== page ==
There has been an 85% increase in the number of child drownings in England between 2019 and 2022, with 20 drownings occurring in 2019/20 compared with 37 in 2021/22.

This is according to new data published today by the National Child Mortality Database (NCMD) team at the University of Bristol. Researchers and the Royal Life Saving Society UK (RLSS UK) are urging families to speak to their children about water safety, and the report calls for greater involvement of the Government and relevant departments to show their support in light of the alarming increase.

The report marks the first time that data has been available which classifies child drowning fatalities based on ethnicity and deprivation levels. It shows that the risk of drowning was 3.5 times higher for children of Black or Black British ethnicity than White. It also shows that the risk of drowning was 2 times higher for children from more deprived areas than from less deprived areas.

RLSS UK has recently highlighted that children from ethnic minority groups and those on low incomes are falling behind on statutory swimming and self-rescue outcomes in England[1]. This is also the first time that data has been made available which shows that those from minority ethnic groups and those on low-incomes are disproportionately at risk from losing their life to drowning.

The report highlights that the Government must urgently address the inadequacies that are evident when looking at the current approach within education for swimming and class-based water safety.

Lee Heard, Charity Director at RLSS UK said, “It is essential that water safety education and experience for children should be taken forward regionally and nationally. There is a requirement to nationally revise and reform the current approach to swimming and water safety education. With the purpose of tackling the clear disparity for low-income and ethnically diverse children who are being missed by the current statutory efforts and are over-represented in child drowning deaths.”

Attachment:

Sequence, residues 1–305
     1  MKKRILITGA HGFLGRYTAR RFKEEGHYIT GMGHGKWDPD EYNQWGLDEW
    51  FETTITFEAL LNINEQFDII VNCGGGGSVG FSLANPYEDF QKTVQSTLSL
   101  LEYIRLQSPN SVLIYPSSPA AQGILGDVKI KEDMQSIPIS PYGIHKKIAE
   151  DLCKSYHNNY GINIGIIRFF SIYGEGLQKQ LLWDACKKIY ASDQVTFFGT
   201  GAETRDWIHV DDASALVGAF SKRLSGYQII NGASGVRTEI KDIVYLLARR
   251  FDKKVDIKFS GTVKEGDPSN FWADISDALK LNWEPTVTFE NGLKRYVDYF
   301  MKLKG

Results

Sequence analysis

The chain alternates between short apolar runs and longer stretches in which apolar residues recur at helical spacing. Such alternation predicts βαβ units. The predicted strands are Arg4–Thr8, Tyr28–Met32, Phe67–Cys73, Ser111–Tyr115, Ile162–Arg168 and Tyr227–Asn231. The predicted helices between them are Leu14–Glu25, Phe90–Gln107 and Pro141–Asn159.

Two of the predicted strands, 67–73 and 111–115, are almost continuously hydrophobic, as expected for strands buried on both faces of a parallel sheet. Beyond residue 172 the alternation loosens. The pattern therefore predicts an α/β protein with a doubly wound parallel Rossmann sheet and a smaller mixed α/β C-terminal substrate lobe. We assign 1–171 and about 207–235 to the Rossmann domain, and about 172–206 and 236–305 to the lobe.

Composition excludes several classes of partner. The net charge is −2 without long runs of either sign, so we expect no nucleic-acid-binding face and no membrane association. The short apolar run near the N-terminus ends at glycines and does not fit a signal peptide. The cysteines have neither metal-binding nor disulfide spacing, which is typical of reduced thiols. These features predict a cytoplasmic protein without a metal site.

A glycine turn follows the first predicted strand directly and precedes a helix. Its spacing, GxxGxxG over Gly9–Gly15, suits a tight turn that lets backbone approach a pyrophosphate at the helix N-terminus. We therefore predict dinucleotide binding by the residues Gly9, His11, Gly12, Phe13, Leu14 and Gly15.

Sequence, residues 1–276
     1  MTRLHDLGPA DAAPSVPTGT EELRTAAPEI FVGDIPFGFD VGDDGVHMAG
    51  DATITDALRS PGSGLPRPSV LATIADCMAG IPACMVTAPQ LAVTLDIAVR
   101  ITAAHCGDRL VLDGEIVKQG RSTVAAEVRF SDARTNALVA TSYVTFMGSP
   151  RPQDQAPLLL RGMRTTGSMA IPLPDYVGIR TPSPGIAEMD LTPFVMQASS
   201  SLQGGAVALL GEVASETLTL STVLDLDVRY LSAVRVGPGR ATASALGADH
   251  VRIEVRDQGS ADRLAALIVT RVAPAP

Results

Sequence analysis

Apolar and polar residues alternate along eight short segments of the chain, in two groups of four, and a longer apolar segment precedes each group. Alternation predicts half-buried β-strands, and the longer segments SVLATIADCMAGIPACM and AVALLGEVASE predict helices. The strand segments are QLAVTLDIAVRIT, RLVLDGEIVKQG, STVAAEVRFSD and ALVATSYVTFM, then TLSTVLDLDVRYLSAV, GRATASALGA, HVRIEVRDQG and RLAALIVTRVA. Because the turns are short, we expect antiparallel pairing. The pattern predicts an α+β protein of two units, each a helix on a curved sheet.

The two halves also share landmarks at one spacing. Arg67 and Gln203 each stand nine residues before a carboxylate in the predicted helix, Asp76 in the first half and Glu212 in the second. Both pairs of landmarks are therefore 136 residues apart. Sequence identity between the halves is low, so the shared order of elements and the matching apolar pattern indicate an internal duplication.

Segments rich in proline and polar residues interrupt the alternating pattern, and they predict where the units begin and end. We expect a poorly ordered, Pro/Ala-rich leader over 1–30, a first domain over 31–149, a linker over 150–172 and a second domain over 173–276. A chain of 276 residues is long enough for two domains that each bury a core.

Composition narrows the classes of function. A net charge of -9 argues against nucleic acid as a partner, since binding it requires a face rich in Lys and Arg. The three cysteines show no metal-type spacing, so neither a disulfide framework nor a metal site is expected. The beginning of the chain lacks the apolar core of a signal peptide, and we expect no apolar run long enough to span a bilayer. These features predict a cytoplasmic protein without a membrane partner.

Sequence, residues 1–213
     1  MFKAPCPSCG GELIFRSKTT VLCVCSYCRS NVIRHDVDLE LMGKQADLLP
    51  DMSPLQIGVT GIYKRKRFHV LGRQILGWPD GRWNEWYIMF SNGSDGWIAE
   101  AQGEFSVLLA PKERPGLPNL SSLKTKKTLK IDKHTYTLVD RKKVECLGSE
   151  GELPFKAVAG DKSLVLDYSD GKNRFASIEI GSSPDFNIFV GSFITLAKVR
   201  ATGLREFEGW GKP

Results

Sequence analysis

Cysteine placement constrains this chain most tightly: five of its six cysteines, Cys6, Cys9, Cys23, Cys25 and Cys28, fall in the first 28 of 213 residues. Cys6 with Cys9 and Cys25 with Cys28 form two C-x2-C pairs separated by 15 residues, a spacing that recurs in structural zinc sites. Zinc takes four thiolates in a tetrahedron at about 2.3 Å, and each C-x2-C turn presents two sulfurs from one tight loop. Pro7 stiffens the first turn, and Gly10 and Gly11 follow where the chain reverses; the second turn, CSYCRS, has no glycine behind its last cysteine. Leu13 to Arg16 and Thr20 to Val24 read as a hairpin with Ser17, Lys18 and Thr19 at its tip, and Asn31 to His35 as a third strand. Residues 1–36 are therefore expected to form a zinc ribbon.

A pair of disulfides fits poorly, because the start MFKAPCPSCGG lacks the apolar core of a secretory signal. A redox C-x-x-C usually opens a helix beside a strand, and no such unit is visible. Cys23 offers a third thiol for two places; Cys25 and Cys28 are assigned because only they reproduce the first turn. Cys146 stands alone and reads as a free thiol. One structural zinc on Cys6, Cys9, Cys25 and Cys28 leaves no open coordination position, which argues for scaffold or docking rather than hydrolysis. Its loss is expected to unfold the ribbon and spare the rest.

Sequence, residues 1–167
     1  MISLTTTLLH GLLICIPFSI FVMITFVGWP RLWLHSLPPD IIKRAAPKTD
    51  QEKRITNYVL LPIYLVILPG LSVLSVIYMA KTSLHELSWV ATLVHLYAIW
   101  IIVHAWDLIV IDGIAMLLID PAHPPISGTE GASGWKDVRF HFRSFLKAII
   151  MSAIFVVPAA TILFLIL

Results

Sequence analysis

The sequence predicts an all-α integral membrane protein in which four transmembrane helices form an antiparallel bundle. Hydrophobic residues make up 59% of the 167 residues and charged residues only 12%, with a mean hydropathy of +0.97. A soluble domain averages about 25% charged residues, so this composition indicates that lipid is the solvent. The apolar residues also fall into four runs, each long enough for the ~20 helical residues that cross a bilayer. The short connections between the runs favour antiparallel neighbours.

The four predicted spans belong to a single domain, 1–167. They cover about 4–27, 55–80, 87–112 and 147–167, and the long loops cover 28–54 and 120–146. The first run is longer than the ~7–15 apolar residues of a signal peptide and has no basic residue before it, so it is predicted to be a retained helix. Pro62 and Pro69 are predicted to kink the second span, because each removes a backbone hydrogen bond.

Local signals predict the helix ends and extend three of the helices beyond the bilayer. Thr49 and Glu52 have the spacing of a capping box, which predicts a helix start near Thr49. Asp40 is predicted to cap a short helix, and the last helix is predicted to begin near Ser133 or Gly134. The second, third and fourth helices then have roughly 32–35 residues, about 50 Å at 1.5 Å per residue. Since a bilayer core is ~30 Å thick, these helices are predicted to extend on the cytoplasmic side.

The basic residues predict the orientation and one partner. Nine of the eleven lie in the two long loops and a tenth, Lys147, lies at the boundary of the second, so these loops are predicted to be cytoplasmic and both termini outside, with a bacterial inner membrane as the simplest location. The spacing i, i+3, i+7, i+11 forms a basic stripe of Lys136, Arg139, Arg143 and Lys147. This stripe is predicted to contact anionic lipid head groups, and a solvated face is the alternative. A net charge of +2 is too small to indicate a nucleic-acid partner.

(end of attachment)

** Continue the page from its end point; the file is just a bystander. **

The data is published in a report from Bristol’s NCMD, co-authored by RLSS UK, and collects comprehensive and timely information on every child death in England, to identify any risks or patterns from 644 trauma-related child deaths over three 12-month periods spanning 1 April 2019 until 31 March 2022.

Professor Karen Luyt, Director of the National Child Mortality Database and Professor of Neonatal Medicine at the University of Bristol, said, “Every child or young person who dies as a result of drowning is a tragedy and their deaths represent a devastating loss for their families. Drowning is consistently recognised as a highly preventable public health challenge, with mostly low-cost solutions, such as installing barriers to control access to water hazards, supervision for younger children and teaching school-age children basic water competency.”

The University of Bristol National Child Mortality Database trauma report by Karen Luyt et al. was published 13 July 2023.

View the full report.

[1] National Drowning Report UK 2022